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dc.contributor.authorPavez-Fox, Melissa A.
dc.contributor.authorKimock, Clare M.
dc.contributor.authorRivera-Barreto, Nahiri
dc.contributor.authorNegron-Del Valle, Josue E.
dc.contributor.authorPhillips, Daniel
dc.contributor.authorRuiz-Lambides, Angelina
dc.contributor.authorSnyder-Mackler, Noah
dc.contributor.authorHigham, James P.
dc.contributor.authorSiracusa, Erin R.
dc.contributor.authorBrent, Lauren J.N.
dc.identifier.citationPavez-Fox , M A , Kimock , C M , Rivera-Barreto , N , Negron-Del Valle , J E , Phillips , D , Ruiz-Lambides , A , Snyder-Mackler , N , Higham , J P , Siracusa , E R & Brent , L J N 2022 , ' Reduced injury risk links sociality to survival in a group-living primate ' , iScience , vol. 25 , no. 11 , 105454 .
dc.identifier.otherPURE: 292413557
dc.identifier.otherPURE UUID: 7ea92ce3-a5ed-4013-a48b-843cbc3fea1d
dc.identifier.otherScopus: 85141761125
dc.descriptionFunding: This work was supported by ANID-Chilean scholarship [number 72190290], the National Institutes of Health [grant R01AG060931 to N.S-M., L.J.N.B., and J.P.H., R00AG051764to N.S-M], a European Research Council Consolidator Grant to L.J.N.B. [Friend Origins - 864461], a MacCracken Fellowship to C.M.K., and a National Science Foundation Doctoral Dissertation Research Improvement Grant to C.M.K. [1919784]. The CPRC is supported by the National Institutes of Health. An Animal and Biological Material Resource Center Grant [P40OD012217] was awarded to the UPR from the Office of Research Infrastructure Programs, National Institutes of Health (ORIP). A Research Facilities Construction Grant [C06OD026690] and an NSF grant to J.P.H. [1800558] were awarded for the renovation of CPRC facilities after Hurricane Maria.en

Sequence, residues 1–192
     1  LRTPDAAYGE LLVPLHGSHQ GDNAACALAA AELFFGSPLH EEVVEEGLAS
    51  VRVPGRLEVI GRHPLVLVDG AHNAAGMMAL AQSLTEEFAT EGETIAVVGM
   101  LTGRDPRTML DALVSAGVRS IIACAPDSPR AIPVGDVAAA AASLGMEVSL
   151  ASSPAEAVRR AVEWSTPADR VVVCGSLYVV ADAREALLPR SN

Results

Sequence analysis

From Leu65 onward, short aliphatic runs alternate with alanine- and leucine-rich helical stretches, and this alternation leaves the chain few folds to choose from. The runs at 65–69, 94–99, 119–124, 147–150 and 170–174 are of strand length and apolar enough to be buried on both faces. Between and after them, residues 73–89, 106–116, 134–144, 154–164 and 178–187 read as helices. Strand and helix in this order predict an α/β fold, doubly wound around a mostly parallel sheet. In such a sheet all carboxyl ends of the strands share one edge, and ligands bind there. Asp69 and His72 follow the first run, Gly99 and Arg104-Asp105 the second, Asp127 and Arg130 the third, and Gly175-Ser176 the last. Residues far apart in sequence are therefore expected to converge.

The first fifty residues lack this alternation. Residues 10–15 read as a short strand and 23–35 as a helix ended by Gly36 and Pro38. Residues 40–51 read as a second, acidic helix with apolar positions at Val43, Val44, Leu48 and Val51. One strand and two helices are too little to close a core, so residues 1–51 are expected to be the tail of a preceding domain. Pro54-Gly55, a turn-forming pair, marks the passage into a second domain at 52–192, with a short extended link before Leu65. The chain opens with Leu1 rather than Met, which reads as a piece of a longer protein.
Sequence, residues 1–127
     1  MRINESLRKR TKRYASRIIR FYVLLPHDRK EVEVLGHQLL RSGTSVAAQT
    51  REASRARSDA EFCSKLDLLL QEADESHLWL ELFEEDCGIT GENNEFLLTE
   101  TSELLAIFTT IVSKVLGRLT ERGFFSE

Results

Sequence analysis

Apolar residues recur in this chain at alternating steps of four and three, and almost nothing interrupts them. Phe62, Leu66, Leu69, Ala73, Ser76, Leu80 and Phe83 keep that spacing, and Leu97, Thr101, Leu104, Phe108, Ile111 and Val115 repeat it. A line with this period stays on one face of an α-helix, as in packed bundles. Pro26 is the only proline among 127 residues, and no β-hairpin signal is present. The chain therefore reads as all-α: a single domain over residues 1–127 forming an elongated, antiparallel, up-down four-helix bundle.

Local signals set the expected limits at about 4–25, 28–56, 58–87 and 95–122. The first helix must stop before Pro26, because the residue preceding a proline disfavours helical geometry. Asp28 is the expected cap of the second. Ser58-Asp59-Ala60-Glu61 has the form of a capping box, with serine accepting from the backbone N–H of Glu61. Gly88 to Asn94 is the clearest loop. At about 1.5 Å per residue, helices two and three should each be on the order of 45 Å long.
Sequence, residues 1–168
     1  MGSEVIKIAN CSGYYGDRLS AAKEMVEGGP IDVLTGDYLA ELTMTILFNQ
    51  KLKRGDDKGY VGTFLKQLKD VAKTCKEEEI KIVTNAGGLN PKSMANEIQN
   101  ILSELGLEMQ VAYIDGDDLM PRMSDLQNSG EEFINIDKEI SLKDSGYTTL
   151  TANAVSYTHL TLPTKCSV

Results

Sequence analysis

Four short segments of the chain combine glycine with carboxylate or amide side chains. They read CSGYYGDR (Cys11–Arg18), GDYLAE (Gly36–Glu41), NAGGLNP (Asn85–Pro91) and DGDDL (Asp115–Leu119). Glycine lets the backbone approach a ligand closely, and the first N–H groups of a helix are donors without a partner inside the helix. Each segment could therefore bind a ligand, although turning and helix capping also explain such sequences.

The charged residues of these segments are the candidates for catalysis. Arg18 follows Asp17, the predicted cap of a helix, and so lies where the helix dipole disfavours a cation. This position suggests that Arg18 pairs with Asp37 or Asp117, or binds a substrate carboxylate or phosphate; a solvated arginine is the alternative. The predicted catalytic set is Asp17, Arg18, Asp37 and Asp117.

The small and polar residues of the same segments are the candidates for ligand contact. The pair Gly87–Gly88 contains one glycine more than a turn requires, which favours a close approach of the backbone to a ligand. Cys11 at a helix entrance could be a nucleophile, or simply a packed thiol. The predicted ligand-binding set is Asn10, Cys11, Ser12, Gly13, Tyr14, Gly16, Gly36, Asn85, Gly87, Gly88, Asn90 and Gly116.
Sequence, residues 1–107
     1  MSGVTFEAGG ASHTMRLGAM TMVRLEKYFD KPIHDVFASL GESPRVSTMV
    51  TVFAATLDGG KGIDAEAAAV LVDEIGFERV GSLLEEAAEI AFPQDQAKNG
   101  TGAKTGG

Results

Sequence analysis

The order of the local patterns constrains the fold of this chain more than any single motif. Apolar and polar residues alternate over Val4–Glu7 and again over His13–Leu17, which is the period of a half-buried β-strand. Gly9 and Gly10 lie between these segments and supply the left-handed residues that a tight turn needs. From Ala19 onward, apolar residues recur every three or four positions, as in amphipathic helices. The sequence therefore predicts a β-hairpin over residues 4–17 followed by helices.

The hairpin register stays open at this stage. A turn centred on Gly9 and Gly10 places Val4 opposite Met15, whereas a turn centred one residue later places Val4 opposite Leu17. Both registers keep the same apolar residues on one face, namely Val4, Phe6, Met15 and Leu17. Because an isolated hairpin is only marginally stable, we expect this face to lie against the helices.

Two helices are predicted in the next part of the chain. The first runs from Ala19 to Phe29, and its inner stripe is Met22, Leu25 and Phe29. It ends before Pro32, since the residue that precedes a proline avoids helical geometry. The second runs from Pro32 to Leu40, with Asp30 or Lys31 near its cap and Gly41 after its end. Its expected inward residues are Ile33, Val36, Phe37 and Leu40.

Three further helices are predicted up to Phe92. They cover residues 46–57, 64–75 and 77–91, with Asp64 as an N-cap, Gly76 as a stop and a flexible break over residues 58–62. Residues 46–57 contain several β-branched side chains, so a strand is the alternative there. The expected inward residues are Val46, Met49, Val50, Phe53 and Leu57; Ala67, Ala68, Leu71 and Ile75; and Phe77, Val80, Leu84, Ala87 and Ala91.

dc.description.abstractSociality has been linked to a longer lifespan in many mammals, including humans. Yet, how sociality results in survival benefits remains unclear. Using 10 years of data and over 1,000 recorded injuries in rhesus macaques (Macaca mulatta), we tested two injury-related mechanisms by which social status and affiliative partners might influence survival. Injuries increased individual risk of death by 3-fold in this dataset. We found that sociality can affect individuals’ survival by reducing their risk of injury but had no effect on the probability of injured individuals dying. Both males and females of high social status (measured as female matrilineal rank and male group tenure) and females with more affiliative partners (estimated using the number of female relatives) experienced fewer injuries and thus were less likely to die. Collectively, our results offer rare insights into one mechanism that can mediate the well-known benefits of sociality on an individual’s fitness.
dc.rightsCopyright 2022 The Authors. This is an open access article under the CC BY license (
dc.subjectQL Zoologyen
dc.titleReduced injury risk links sociality to survival in a group-living primateen
dc.typeJournal articleen
dc.description.versionPublisher PDFen
dc.contributor.institutionUniversity of St Andrews. School of Psychology and Neuroscienceen
dc.description.statusPeer revieweden

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